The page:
Ambiguity and illusionism: Lincoln Austin and the contemporary context

Carlon, Kris (2007). Ambiguity and illusionism: Lincoln Austin and the contemporary context Honours Thesis, School of English, Media Studies and Art History, The University of Queensland.

       
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Author Carlon, Kris
Thesis Title Ambiguity and illusionism: Lincoln Austin and the contemporary context
School, Centre or Institute School of English, Media Studies and Art History
Institution The University of Queensland
Publication date 2007
Thesis type Honours Thesis
Supervisor Sally Butler
Total pages 59
Language eng
Subjects 190502 Fine Arts (incl. Sculpture and Painting)
190101 Art Criticism
Formatted abstract
This thesis argues that the presence of visible illusionism in the work of the contemporary Australian sculptor Lincoln Austin elicits the ambiguous and contingent nature of perception and reflects a characteristic quality of the contemporary context. The multiplicitous complexity of the contemporary condition is found to be a feature of Austin’s practice in the illusionistic instability of his sculptures as drawings. The implications of this recognition are based on the perceptual ambiguity produced by the encounter with the objects, and this contingent relationship between appearance and actuality provides the terms through which the analysis proceeds. This thesis therefore analyses the co-extensive operations of the three main areas of Austin’s practice: wire sculptures; works on paper; and bas-reliefs. That these apparently distinct mediums are shown to share common illusionistic features connects Austin’s practice to a wider context of illusionism from Renaissance linear perspective to the modernist negation of illusion. This analysis articulates the points of connection and departure between these contexts and that of the contemporary.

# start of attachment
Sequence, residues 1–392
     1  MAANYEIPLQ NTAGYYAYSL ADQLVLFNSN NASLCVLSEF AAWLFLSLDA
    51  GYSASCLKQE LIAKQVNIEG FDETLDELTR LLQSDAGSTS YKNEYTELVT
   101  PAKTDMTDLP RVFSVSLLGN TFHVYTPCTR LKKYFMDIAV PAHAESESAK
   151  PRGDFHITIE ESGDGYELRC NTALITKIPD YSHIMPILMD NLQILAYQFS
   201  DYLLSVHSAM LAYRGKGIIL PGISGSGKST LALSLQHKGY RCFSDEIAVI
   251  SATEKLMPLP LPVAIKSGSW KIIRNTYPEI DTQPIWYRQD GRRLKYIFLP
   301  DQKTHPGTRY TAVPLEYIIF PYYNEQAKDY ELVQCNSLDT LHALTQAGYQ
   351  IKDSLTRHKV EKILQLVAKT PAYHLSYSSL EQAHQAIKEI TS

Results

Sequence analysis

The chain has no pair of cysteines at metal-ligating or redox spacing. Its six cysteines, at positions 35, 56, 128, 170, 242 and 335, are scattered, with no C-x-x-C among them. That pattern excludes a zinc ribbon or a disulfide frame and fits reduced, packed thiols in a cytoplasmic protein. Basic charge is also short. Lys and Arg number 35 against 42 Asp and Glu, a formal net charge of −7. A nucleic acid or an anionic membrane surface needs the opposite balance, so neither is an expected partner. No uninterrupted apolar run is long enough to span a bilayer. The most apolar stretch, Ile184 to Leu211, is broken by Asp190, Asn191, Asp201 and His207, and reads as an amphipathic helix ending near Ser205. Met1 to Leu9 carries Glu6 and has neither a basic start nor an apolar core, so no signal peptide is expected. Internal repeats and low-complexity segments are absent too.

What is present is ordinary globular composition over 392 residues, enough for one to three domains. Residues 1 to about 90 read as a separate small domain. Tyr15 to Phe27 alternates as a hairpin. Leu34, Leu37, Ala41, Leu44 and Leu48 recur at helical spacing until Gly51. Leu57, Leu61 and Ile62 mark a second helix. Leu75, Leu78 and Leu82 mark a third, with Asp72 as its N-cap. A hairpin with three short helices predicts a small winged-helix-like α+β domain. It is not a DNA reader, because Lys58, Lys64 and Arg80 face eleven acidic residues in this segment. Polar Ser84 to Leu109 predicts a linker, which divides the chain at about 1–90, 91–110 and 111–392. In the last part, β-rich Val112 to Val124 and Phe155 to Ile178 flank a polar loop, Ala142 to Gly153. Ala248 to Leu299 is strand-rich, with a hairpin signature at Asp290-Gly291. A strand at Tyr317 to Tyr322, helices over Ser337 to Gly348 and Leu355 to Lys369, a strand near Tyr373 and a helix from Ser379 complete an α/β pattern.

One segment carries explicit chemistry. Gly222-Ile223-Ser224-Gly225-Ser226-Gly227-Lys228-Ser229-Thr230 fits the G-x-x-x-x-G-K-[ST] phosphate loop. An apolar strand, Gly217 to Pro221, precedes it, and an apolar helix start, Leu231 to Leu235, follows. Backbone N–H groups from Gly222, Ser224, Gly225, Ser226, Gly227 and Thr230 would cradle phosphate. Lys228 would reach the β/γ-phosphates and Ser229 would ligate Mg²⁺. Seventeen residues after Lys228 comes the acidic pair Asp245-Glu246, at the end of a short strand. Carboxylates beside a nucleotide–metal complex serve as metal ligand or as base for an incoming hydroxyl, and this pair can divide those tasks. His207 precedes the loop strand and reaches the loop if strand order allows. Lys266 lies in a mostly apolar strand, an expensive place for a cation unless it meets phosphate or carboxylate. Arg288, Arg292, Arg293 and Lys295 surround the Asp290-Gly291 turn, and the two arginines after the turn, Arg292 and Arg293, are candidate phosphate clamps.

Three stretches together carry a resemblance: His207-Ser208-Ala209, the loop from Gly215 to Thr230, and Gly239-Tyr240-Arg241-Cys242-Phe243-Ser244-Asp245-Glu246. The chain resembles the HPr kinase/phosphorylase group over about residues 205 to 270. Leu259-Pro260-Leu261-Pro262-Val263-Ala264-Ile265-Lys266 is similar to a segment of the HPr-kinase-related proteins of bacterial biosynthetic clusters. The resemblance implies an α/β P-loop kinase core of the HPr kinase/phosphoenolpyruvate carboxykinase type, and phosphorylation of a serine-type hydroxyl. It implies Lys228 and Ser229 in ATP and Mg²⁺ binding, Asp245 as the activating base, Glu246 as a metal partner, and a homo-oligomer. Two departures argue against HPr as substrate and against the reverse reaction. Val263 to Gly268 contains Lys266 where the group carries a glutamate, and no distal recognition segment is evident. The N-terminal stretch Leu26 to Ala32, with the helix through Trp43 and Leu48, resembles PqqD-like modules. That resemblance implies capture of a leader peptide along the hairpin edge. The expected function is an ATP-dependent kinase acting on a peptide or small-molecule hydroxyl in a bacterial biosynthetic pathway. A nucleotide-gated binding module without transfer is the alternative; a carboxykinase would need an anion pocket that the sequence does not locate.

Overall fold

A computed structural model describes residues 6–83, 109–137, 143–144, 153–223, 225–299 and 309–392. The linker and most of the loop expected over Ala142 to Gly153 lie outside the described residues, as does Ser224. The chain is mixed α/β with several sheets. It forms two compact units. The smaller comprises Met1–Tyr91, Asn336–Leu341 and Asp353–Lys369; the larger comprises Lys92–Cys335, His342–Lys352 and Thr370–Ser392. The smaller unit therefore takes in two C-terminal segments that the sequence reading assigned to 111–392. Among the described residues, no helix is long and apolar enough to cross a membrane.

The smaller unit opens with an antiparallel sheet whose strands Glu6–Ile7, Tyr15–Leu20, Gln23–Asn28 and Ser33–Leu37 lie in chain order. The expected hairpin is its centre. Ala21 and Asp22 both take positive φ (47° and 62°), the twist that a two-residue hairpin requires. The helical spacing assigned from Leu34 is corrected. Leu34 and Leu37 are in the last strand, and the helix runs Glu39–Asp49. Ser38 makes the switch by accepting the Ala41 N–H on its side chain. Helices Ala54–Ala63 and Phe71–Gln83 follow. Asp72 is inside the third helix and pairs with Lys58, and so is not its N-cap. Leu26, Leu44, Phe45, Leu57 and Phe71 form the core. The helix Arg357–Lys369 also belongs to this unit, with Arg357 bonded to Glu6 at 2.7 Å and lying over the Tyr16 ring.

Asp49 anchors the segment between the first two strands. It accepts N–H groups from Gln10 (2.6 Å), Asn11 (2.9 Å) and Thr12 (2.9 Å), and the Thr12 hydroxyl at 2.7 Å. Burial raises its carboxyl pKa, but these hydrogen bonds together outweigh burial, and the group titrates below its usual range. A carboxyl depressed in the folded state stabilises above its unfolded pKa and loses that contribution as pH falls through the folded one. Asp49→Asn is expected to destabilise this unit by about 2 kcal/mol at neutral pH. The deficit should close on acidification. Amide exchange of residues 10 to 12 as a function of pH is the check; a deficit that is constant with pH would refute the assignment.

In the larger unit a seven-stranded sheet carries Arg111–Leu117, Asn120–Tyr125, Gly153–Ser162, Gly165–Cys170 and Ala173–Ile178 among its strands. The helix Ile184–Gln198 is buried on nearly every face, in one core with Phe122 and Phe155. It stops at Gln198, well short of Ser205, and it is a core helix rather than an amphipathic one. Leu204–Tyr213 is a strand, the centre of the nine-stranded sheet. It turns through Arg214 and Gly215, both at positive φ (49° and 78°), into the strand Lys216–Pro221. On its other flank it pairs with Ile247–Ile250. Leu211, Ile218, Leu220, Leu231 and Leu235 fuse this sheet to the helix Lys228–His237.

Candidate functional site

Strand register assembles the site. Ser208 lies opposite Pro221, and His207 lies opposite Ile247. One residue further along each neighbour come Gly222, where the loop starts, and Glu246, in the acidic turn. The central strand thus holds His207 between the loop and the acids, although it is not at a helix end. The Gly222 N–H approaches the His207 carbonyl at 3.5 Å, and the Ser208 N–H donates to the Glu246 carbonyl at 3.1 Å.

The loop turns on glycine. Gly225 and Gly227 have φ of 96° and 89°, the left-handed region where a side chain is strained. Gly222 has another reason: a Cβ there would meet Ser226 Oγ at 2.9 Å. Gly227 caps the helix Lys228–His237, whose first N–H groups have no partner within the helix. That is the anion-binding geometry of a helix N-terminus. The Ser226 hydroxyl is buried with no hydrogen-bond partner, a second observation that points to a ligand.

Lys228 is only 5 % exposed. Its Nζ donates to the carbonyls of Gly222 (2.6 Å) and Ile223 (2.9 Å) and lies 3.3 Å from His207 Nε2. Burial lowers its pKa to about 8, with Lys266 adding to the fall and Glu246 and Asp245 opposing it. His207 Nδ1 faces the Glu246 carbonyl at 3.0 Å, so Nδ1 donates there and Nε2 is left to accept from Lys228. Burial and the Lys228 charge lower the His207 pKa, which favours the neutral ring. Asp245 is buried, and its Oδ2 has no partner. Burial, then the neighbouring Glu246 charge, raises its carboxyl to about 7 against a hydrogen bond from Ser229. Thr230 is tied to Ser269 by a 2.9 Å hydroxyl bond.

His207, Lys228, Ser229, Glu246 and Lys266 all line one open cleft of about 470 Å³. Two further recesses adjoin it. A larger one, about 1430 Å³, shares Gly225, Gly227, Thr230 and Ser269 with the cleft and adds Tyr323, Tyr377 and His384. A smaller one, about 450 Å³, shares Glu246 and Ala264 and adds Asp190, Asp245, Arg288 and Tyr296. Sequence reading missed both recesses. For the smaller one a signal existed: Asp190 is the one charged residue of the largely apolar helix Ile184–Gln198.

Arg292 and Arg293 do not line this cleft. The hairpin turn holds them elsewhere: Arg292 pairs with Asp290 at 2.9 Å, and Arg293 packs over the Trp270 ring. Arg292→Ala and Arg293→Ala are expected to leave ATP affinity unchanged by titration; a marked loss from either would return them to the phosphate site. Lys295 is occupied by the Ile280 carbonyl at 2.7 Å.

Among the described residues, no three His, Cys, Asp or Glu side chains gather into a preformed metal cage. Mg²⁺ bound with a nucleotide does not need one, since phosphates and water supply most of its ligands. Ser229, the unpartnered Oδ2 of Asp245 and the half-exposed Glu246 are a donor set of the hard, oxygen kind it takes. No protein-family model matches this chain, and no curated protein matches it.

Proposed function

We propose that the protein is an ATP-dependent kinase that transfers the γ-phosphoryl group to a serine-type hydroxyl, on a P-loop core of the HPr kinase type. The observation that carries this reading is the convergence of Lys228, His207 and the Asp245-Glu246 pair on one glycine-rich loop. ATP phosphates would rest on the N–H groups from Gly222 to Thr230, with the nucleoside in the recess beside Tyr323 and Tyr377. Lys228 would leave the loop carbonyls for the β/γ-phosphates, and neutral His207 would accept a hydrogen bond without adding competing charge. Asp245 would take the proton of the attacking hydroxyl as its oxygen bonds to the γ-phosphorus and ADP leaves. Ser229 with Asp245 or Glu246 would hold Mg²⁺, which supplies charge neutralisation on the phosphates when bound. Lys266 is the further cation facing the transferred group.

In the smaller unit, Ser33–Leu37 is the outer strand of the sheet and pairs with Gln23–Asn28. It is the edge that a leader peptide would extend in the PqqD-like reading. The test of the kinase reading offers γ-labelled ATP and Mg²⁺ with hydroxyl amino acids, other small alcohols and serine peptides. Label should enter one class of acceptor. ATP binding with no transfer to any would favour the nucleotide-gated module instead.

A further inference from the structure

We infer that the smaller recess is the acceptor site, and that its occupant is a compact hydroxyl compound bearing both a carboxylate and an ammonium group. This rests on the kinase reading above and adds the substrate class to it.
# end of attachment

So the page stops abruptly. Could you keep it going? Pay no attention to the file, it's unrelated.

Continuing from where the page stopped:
The introduction emphasises the pivotal role that the initial experience of Austin’s work plays in subsequent perception and provides the methodological approach of the discussion. This experiential methodology is drawn from the example of the American formalist art critic Michael Fried, and its interpretive framework derives from the French art historian Yve-Alain Bois. Both approaches are then informed by the multiplicity of the contemporary condition. The thesis therefore embraces a number of theoretical and aesthetic models in order to engage with the fluctuating operations of the work.

Chapter One outlines the agency of illusionism in the perception of three-dimensional sculpture as two-dimensional image and describes the sculptures’ connection to drawing. Chapter Two then relocates the discussion to the two-dimensional surface in order to demonstrate the mobility of values between mediums that is characteristic of the contemporary. It also argues that the works on paper harbour an illusionistic sculptural quality.

Chapter Three occupies the literal half-way point between the two-and three-dimensional through its analysis of Austin’s bas-relief work. These works are shown to produce ambiguous perceptual readings of both pictorial and sculptural qualities. This chapter and the conclusion then argue that this simultaneous perception of co-present spatial alternatives represents a contemporary intellection of ambiguity, and positions Austin as exemplary of what Jean Baudrillard has described as the necessary recovery of illusionism.
Keyword Thesis -- BAHons

Document type: Thesis
Collection: UQ Theses (non-RHD) - UQ staff and students only
 
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Created: Wed, 26 Nov 2014, 12:28:47 EST by Mary-Anne Marrington on behalf of Scholarly Communication and Digitisation Service